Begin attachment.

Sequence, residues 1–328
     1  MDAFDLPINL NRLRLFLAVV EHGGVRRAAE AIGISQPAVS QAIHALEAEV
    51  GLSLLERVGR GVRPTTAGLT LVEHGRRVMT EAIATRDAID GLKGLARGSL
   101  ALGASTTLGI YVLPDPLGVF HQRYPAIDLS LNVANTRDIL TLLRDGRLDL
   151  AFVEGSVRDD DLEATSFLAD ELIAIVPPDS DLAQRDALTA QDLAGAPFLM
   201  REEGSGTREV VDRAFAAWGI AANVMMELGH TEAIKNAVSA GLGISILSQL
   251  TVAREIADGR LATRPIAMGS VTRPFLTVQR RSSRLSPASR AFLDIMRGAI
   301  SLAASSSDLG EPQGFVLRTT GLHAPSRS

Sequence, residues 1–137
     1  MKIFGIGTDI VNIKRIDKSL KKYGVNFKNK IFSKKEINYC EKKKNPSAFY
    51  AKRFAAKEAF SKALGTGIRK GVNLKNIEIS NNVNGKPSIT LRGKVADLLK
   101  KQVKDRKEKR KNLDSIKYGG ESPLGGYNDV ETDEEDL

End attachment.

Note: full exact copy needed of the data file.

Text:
Sequence, residues 1–328
     1  MDAFDLPINL NRLRLFLAVV EHGGVRRAAE AIGISQPAVS QAIHALEAEV
    51  GLSLLERVGR GVRPTTAGLT LVEHGRRVMT EAIATRDAID GLKGLARGSL
   101  ALGASTTLGI YVLPDPLGVF HQRYPAIDLS LNVANTRDIL TLLRDGRLDL
   151  AFVEGSVRDD DLEATSFLAD ELIAIVPPDS DLAQRDALTA QDLAGAPFLM
   201  REEGSGTREV VDRAFAAWGI AANVMMELGH TEAIKNAVSA GLGISILSQL
   251  TVAREIADGR LATRPIAMGS VTRPFLTVQR RSSRLSPASR AFLDIMRGAI
   301  SLAASSSDLG EPQGFVLRTT GLHAPSRS

Sequence, residues 1–137
     1  MKIFGIGTDI VNIKRIDKSL KKYGVNFKNK IFSKKEINYC EKKKNPSAFY
    51  AKRFAAKEAF SKALGTGIRK GVNLKNIEIS NNVNGKPSIT LRGKVADLLK
   101  KQVKDRKEKR KNLDSIKYGG ESPLGGYNDV ETDEEDL